We followed the national team during the Olympics and World Cup and got hooked on the local team when Marta played alongside of Alex Morgan a few years ago. They played better soccer than the Rhinos, exhibited better control with more finesse and less loose balls. The last game was a nail biter. The Flash lost but it was great soccer and a great game. We’re looking forward to next season.
This spider web was glistening in the sunlight. That’s what caught my attention and when looked down I saw the spider who was responsible for the web hanging out near the center of his creation. He had another bug caught in the web and while I tried to frame a shot of them and the flower that was behind the web the spider pounced on the bug. There was a tussle, the spider got a few bites in and the bug fell off the web. I was having a hard time getting my camera to focus on the spider, the autofocus kept zooming in on the flower so I don’t have the drama in his shot.
Sunday was just like it sounds, a day of sun, a perfect day for a bike ride along Lakeshore Boulevard. Culver Road would take you directly to the lake but we turn at Parkside Diner and get on the new bike trail that cuts through the park and travels along the lake all the way to Charlotte. This whole stretch is so dreamy I don’t want it to end so we ride real slow. I love the long sections of beach where almost anything goes. No lifeguards, no cops, no rules about boats being too close to the shore and of course no one telling you that swimming is prohibited.
We turned down Rock Beach Road and rode up and down Rochester’s “Gold Coast” before continuing west on Rock Beach past Saint Paul and over to O’Laughlin’s where we pulled up a chair on the river and watched the sailboats, speedboats and yachts pass by. This is a perfect spot for people watching with its mix of bikers, muscle cars, partiers pulling up to the dock on their boats and old people like us just hanging out.
On the way back we cruised through the picnic section of Durand Eastman where we used to hold the annual Earring Picnic. A large group in one of the shelters was cranking Marvin Gaye’s “What’s Goin On.”
I know wedding photographers don’t like it when they set up a shot and you glom on but if you’re gonna get married in Central Park on a Saturday afternoon there really are no rules.
We met Steve Black at the bus station this morning at 7AM. His bus got in at 4:30 or so but he insisted we let him roam around downtown Rochester for a few hours before picking him up. Still felt like we were getting up in the middle of the night. Steve splits his time between Bali and Singapore and hadn’t been in Rochester since he shot the video for “Trophy Bowler.” Back at the house we ate a lumberjack’s breakfast and hopped in the back of Jared’s pickup to finish picking up the locust tree that fell in our neighbor’s yard. That has to be the heaviest wood we have ever come across. I don’t think it would even float.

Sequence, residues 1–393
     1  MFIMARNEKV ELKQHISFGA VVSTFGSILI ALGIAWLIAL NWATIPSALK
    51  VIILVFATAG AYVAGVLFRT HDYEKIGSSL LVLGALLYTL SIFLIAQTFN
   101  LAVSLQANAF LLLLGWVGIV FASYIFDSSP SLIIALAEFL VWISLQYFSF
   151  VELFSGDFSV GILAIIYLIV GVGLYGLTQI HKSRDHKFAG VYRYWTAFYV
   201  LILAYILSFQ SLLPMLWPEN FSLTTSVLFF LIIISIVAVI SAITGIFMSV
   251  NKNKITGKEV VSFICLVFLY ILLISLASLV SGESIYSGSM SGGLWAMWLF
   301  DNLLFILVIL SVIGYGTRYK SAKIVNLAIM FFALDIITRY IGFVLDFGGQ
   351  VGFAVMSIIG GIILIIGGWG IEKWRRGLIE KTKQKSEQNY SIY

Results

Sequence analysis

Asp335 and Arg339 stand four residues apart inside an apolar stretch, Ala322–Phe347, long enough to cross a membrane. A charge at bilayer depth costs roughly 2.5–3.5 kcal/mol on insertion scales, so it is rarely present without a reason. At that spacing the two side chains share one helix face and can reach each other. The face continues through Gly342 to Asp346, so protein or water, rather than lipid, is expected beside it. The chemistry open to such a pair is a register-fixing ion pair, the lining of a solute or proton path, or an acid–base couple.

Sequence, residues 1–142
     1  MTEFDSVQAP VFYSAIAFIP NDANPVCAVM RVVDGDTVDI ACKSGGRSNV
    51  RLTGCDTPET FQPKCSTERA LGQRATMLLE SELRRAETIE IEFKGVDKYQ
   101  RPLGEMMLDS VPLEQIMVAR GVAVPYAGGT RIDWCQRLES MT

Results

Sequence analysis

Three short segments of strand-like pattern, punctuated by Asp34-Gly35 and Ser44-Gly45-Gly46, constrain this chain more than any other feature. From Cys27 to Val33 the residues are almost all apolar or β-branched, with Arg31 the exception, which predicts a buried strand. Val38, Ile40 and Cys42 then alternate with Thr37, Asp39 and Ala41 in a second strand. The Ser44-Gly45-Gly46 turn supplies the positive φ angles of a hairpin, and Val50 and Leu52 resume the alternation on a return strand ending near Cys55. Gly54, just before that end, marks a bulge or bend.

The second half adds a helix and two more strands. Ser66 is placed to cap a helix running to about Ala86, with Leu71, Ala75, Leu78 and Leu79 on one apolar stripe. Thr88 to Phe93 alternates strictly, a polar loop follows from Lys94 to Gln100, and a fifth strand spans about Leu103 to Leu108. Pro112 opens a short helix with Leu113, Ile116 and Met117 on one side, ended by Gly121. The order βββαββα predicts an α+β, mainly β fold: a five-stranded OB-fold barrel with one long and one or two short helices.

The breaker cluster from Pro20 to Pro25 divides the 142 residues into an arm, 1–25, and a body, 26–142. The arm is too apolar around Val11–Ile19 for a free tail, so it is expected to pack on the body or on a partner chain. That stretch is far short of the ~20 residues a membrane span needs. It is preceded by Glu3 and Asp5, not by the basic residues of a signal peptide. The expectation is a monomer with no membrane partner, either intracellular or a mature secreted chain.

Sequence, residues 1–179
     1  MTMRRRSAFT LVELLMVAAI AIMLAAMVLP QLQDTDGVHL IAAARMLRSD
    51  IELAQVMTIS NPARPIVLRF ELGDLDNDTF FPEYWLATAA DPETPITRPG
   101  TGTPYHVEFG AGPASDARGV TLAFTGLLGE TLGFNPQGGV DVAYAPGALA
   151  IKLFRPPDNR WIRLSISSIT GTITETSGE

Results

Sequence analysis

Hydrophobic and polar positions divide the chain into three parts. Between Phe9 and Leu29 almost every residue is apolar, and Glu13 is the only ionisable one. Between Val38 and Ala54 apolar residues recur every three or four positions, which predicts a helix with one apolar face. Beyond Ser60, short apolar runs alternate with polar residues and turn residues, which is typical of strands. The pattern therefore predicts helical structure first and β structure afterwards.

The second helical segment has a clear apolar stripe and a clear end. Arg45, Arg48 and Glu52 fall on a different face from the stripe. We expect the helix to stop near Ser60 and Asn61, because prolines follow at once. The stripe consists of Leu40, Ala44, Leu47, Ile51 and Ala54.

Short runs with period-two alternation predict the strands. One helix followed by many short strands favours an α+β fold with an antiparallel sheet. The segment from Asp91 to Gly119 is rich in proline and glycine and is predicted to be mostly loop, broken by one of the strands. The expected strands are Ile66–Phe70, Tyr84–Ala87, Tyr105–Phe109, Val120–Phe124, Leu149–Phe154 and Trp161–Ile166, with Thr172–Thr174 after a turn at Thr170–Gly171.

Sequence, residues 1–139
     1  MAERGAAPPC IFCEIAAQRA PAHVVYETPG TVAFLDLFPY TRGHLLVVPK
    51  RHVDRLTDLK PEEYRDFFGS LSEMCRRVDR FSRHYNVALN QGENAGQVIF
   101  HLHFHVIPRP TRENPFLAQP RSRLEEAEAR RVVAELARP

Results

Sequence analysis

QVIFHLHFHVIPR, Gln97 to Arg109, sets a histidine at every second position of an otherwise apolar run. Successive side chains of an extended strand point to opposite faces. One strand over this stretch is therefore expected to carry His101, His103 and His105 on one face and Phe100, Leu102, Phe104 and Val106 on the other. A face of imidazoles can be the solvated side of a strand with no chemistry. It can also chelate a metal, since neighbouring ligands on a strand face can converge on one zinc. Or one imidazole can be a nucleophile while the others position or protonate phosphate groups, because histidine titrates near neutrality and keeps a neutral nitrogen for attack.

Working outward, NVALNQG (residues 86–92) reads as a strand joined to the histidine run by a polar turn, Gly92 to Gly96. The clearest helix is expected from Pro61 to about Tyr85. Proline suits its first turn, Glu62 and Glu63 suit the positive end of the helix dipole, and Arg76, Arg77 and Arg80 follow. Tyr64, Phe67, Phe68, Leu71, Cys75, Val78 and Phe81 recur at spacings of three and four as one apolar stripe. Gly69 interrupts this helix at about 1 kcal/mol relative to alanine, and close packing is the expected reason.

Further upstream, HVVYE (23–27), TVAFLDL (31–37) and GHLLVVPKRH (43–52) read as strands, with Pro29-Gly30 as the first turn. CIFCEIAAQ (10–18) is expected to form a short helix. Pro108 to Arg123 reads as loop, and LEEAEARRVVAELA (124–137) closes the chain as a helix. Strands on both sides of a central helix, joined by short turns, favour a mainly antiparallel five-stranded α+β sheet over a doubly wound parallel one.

We rode down to Naples with with my parents and stopped in to see my brother, hard at work on some furniture for a church in Fairport. He showed us this maquette that he proposed for the church’s tabernacle. That’s the little house where they keep the consecrated hosts and the blessed wine in the gold chalice. It is one of the high points of mass when the priest reaches in there but our group of lapsed catholics couldn’t remember if they keep things in there over night or just during the service. We speculated that the priest blesses a certain number of hosts and they pass out so many at communion and then he might store the leftover consecrated hosts in there. I’m pretty sure the priest finishes the wine at the service.
I’m making a distinction between the consecrated (“body of Christ”) hosts and the unblessed ones. We used to eat the unblessed ones out of the bag before serving mass in the priest’s dressing room. I know they have another name for that room and I don’t think it’s the sacristy but all those details are fuzzy now. Back in the day the nuns made the hosts and packaged them in clear plastic bags. One at a time they were incredibly dry. They had the ability to suck every bit of moisture from your mouth making it difficult to even swallow but in a handful they were sort of tasty. The “consecrated” hosts were something only the priest could touch and even he could only touch them with certain fingers.
We used to make our own hosts at home when we played mass. We rolled white bread with a glass until it was flat as can be and then we’d stamp out the hosts with the rim of the glass. Our family ate Bond bread, not Wonder, and that made a good host.
I’m pretty familiar with brush cuts. My father used to line the five boys in our family up and buzz the lot of us in one session when we were growing up. My father had a brush cut too but I think he went to a barber. I have an electric clipper from Sears and I do my own buzz cut today.